What is Hyper-Threading ?: The Basics Explained

What is Hyper-Threading ?: The Basics Explained

What is Hyper-Threading?

The idea of ​​Hyper-Threading is coming actually from the server area, where computer systems with more than just one processor are often used. With two processors it is e.g. possible to process two threads per clock cycle, since each CPU can be busy with tasks independently. If an application has been divided into several threads by the programmer, the speed can be increased significantly, if not almost doubled. With web server applications in particular, one can almost speak of a doubling of performance.

The Hyper-Threading Technology is here nothing more than the technology that enables this simultaneous multi-threading in a single physical processor (with restrictions). This one processor is thus split into two logical processors, the two logical/virtual processors sharing part of the physical execution resources, with the implementation logic (architecture state) for each processor being present individually and thus twice. The aim is to use the available resources more effectively.

What's new at the core?

In theory, Hyper-Threading actually sounds quite simple. But what did Intel really have to add to the previous Pentium 4 processor core in order to be able to turn one physical processor into two logical ones? As surprising as the answer may be, “add” is actually not the right word in this context. It would be much better to ask which ones have always existedResources can finally be activated. Every delivered Pentium 4 with a Northwood core (and probably also with a Willamette core) has all the necessary transistors that are needed for Hyper-Threading. Intel says that 5 percent or 2 to 3 million transistors of the relative CPU are part of Hyper-Threading. In terms of size and transistors, nothing changes compared to the previous Pentium 4.

An overview of the Pentium 4 processor core (Northwood) reveals the regions that are now being freed from dust with Hyper-Threading and finally be able to show what's inside them.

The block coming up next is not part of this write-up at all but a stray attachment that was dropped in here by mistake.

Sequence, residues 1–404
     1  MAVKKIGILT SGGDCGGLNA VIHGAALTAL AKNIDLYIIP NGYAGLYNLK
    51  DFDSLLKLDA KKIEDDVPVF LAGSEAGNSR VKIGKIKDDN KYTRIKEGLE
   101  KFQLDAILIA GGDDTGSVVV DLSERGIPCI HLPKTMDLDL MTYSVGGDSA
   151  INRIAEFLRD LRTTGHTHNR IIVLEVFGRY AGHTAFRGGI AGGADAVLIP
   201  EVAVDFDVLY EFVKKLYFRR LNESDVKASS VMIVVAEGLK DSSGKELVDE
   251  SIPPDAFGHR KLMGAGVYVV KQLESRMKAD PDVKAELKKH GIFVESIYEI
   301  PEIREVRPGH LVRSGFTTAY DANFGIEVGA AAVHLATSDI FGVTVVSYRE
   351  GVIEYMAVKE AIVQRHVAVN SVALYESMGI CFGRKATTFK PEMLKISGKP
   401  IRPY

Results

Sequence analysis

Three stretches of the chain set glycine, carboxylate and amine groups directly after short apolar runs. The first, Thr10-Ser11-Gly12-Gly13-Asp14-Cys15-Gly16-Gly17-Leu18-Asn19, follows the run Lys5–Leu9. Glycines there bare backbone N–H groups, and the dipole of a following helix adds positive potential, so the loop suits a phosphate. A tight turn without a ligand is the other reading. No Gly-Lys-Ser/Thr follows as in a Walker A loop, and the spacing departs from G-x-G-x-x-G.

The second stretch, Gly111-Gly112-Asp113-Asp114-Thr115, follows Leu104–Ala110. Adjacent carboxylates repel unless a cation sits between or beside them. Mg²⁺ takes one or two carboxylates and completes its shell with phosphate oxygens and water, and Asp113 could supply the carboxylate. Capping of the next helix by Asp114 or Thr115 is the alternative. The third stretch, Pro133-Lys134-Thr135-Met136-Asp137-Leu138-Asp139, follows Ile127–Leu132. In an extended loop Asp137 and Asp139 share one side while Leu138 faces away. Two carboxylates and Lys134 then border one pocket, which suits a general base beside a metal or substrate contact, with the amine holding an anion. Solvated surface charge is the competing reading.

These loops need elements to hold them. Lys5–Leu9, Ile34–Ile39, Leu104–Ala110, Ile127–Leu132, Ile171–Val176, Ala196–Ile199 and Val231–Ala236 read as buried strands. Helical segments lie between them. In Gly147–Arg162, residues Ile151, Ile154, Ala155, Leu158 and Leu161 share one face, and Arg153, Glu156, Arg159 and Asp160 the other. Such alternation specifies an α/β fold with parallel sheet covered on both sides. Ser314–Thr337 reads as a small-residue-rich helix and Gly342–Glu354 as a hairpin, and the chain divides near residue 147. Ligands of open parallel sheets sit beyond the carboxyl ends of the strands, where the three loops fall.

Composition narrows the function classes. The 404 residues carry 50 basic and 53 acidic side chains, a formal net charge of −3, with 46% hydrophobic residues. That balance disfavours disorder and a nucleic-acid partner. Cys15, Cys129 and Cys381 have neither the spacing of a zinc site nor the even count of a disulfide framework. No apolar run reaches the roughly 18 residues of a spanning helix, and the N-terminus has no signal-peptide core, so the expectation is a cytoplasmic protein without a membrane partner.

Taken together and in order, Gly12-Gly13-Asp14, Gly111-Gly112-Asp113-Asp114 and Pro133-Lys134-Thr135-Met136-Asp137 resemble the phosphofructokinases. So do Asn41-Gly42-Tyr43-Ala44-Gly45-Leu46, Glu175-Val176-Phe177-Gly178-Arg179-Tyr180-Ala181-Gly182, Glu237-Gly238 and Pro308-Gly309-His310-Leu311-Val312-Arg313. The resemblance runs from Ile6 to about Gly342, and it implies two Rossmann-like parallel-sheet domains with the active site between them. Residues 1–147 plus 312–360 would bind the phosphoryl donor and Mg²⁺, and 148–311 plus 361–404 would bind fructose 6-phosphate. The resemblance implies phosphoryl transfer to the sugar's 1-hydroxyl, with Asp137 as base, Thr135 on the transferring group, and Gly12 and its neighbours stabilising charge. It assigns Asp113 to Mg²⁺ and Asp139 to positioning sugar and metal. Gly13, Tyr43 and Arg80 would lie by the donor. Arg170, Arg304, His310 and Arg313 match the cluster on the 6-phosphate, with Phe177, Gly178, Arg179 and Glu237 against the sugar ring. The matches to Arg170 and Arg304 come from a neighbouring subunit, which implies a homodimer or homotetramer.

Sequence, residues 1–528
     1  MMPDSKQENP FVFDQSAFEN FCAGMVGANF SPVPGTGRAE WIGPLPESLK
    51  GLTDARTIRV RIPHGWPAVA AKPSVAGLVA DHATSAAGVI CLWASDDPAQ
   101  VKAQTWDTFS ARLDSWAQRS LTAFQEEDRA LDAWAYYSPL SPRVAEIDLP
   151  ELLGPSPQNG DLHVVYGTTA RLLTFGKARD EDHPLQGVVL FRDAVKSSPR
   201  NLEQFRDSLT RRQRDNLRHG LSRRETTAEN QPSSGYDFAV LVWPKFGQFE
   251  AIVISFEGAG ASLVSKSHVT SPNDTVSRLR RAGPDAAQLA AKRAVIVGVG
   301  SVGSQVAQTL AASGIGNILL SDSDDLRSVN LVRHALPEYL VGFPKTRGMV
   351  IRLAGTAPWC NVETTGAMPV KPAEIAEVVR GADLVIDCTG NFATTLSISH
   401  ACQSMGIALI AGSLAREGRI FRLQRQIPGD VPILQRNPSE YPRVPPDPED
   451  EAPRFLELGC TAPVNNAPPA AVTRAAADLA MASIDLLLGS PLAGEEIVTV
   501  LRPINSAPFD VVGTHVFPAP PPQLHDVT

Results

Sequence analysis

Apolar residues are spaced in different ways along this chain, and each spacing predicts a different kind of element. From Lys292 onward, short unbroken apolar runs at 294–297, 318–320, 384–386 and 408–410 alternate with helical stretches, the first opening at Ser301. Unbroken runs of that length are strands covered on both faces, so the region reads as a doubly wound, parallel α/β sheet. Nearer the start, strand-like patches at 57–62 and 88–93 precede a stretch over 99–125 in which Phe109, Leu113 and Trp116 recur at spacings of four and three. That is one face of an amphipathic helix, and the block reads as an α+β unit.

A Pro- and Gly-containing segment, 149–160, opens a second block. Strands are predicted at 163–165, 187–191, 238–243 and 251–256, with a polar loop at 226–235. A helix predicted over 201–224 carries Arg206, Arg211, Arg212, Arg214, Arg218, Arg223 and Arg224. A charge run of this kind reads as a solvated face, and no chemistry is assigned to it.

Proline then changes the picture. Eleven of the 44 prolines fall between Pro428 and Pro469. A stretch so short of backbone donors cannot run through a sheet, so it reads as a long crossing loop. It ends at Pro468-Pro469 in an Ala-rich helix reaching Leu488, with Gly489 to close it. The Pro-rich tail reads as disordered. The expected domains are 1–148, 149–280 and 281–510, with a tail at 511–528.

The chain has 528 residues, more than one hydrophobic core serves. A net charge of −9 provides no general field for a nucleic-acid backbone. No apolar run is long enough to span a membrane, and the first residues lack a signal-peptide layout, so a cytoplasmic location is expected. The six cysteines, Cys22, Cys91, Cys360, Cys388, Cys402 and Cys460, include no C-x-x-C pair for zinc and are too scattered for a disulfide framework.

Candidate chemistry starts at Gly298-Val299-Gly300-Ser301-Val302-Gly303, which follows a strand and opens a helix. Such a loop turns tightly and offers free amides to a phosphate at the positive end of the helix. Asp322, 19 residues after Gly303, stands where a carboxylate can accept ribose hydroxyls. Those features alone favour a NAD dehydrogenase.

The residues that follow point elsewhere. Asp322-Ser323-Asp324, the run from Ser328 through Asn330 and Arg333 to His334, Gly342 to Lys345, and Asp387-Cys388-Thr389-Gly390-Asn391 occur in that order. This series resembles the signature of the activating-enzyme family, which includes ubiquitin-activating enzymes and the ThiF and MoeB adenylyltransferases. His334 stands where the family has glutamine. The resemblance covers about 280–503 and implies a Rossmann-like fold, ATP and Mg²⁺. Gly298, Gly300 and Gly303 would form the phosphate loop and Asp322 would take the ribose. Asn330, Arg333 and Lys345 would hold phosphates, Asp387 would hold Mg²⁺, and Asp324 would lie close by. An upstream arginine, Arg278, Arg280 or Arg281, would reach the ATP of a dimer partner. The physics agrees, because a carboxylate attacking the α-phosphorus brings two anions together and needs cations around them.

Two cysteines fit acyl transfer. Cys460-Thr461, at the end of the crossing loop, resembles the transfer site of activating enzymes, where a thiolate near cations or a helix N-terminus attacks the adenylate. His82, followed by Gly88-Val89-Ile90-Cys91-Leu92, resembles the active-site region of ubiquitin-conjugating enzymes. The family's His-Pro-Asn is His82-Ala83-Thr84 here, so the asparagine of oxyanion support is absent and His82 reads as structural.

What has been added?

In addition, each virtual processor has its own interrupt controller (APIC), the resources such as trace cache (TC)/L1 cache, L2 cache, queues and key buffers divided.

With the trace cache, which contains decoded instructions (micro-operations or µops), if both virtual processors want to have access to the cache, each processor is granted access alternately with each clock. If a virtual processor is waiting for further data from the main memory due to a cache miss and is thus quasi 'blocked' (stalled), the entire trace cache is available to the respective 'other processor'. The process for the internal caches of the processor is similar. If a virtual processor is not used at all, the division of these two resources does not result in any disadvantage.

However, it looks different in the out-of-order execution engine, here especially with the allocator. The out-of-order execution engine has several buffers for reordering, tracing and dividing (sequencing) operations. TheThe task of the allocator is to fill this buffer. The Pentium 4 Northwood core has 126 re-order buffer entries, 128 integers and 128 floating-point physical registers as well as 48 load and 25 store buffer entries. A part of this buffer is divided when Hyper-Threading is active, so that each virtual processor can fill exactly half of the buffer. This concerns the re-order, load and store buffers. Each virtual processor can leave a maximum of 63, 24 or 12 entries here. If the limit is reached, the allocator will assign the resources to the other virtual processor. If there are only decoded instructions for one processor in the task pot (µop queue), the allocator will try to allocate resources to each cycle, but the division remains.

Execution Pipeline

When the allocator has finished its work, the µops end up in two further queues. These are also partitioned in such a way that each processor can book a maximum of half of all entries for itself. From these two queues (Memory Operation Queue and General Instruction Queue) the five µop schedulers take turns from the pot of each virtual processor to assign tasks for processing to the execution units.

On the next page: How does it work?